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of America v. Wisconsin Employment Relations Board, 351 U.S. 266, 76 S.Ct. 794, 100 L.Ed. 1162.

We come, then, to the question whether the conduct here enjoined is a “concerted activity” under sections 7 and 13 so as to be protected from state power. As before stated, this case does not involve any employer-employee relation or any labor dispute between the parties to the suit. It is a controversy between complainant and the defaulting carriers. The only conduct involved is the refusal of the carriers’ truck drivers, members of Local 327, to cross the other union’s picket line and render the service.

The right of members of a union to refuse to cross another union’s picket line is, of course, not as important as their right to refuse to cross their own picket line. This latter right is no less than part and parcel of the right to strike for a lawful purpose or the right to support a lawful strike. They may exercise this right even though they thereby inflict injury on the other party to the dispute. Their self-interest justifies “concerned activity” which would be unlawful if done by persons without any unity of interest. Montgomery Ward Co. v. Northern Pacific Term. Co., supra, 128 F. Supp. 504.

The right to refuse to cross another union’s picket line is an important right to labor, but it is not one of the basic, vital interests of Labor, such as the right of workers to self-organization; their right to collective bargaining by representatives of their own choosing; their right to strike in support of their union demand for higher wages and better hours and working conditions; their

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right to engage in peaceful picketing to support a lawful strike, all of which rights are protected by section 7.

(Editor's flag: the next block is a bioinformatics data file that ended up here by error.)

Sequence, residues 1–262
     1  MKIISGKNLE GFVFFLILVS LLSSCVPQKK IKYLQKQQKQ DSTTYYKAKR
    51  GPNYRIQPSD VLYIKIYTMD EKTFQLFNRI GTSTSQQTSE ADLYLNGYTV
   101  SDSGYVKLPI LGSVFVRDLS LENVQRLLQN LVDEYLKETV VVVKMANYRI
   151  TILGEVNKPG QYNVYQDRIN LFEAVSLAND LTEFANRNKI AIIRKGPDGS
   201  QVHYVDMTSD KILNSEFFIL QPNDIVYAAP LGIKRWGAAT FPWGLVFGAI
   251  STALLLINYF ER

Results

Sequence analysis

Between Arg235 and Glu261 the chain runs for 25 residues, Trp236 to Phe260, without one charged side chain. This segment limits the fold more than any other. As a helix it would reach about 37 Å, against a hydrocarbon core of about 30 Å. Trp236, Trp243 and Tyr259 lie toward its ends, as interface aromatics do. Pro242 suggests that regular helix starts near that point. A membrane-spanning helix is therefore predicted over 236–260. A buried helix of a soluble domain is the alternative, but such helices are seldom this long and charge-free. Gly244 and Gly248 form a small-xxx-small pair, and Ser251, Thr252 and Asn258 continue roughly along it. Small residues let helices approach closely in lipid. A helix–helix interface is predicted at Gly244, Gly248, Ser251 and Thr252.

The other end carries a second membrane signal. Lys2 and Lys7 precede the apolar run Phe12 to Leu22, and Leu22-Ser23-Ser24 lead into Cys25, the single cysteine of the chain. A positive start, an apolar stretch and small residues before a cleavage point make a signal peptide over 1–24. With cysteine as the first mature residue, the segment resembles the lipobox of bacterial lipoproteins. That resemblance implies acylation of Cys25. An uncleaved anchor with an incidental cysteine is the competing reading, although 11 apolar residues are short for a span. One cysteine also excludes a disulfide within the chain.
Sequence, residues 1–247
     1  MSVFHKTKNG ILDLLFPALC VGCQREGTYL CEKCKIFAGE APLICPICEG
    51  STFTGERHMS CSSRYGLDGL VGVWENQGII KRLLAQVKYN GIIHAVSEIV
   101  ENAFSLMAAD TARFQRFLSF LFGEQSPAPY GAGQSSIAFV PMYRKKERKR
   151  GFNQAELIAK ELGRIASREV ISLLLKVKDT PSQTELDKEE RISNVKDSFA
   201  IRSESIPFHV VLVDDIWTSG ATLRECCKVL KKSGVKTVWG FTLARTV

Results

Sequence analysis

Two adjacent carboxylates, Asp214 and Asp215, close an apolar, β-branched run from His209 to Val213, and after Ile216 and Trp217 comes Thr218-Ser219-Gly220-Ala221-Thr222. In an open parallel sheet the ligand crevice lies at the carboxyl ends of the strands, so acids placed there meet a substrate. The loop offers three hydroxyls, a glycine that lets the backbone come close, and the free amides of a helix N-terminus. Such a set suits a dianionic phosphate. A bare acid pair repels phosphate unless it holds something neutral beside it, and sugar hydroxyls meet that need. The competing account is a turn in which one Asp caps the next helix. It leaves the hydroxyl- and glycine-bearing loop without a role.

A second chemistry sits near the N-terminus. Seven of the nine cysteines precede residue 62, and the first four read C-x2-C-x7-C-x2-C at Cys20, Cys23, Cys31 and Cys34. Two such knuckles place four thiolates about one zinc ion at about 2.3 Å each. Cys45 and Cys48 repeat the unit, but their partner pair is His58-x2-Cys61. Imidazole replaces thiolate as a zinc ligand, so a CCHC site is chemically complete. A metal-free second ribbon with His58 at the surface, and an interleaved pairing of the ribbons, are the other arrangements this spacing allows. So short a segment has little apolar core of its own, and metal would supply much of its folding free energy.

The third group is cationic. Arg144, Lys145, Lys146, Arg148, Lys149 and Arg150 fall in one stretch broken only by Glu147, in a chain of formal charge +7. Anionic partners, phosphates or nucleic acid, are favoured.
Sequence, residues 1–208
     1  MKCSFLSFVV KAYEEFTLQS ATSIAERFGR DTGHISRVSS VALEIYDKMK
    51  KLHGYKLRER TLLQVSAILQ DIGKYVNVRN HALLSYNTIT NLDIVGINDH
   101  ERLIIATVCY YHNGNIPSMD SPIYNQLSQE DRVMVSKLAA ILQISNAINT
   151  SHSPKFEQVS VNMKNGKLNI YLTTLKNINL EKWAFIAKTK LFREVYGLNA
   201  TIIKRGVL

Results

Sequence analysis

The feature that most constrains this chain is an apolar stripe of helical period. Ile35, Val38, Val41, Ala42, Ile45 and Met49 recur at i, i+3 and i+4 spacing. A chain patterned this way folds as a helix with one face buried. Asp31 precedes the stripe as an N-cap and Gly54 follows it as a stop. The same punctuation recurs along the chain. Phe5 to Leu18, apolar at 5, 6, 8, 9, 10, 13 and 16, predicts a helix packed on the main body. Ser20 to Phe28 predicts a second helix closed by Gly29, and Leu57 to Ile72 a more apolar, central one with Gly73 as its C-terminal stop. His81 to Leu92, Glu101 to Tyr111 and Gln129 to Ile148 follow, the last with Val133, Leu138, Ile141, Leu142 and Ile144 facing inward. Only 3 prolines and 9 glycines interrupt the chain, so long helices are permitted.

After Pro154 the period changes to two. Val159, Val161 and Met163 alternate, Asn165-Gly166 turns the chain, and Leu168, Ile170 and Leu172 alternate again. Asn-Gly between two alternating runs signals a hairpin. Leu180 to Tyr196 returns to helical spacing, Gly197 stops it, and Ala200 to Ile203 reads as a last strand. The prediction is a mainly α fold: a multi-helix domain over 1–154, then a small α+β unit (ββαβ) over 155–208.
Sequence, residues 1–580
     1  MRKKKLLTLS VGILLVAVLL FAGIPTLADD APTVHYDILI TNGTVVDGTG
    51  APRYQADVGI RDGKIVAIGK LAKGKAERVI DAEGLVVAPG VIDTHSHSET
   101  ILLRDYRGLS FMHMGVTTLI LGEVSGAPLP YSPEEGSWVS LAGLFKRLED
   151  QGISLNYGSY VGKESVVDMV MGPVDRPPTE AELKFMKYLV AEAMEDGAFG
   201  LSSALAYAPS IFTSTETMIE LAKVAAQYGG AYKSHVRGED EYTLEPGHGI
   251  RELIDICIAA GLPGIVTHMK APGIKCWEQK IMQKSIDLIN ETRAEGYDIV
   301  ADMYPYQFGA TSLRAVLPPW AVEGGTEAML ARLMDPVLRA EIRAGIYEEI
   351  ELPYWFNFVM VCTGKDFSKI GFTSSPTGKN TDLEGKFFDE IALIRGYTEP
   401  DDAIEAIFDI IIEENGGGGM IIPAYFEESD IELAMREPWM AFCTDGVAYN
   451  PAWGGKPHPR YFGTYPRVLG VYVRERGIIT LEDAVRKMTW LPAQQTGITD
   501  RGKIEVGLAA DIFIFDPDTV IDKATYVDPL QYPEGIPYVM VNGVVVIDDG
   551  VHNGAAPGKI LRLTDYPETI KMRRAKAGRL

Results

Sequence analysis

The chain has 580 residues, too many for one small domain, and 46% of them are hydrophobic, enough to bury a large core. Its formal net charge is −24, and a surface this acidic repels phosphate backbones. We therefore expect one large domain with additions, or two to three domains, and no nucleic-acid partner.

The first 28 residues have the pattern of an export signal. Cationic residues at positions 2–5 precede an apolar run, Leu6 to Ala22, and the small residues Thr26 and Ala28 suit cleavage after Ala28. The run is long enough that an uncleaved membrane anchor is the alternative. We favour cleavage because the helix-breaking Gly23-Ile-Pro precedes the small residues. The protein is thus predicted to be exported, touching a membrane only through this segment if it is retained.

Since the union conduct here does not involve their right to strike, it would seem not to be within the protection of section 13, and since it does not involve the right to engage in peaceful picketing, or any of the other vital rights of workers, it would seem not to be a “concerted activity” within section 7 so as to be protected from state power. At least we have been able to find no Supreme Court decision holding that the right to refuse to cross another union’s picket line is a “concerted activity” protected by section 7.

It appears that the right of union employees to refuse to cross another union’s picket line is not a federally protected right but only a matter of contract and the employer and employee are free to contract as they wish about the matter. As we understand, it was so held in National Labor Relations Board v. Rockaway News Supply Co., 345 U.S. 71, 73 S.Ct. 519, 524, 97 L.Ed. 832, 31, A.L.R. (2d) 511. It was said:

“In the section by which the Labor Management Relations Act prescribes certain practices of labor organizations which shall be deemed unfair, there is a proviso that nothing therein `shall be construed to make unlawful a refusal by any person to enter upon the premises of any employer (other than his own employer), if the employees of such employer are engaged in a strike ratified or approved by a representative of such employees whom such employer is required to recognize under this Act * * *.’ This clearly enables contracting parties to embody in their contract a provision against requiring an employee

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to cross a picket line if they so agree. And nothing in the Act prevents their agreeing upon contrary provisions if they consider them appropriate to the particular kind of business involved.”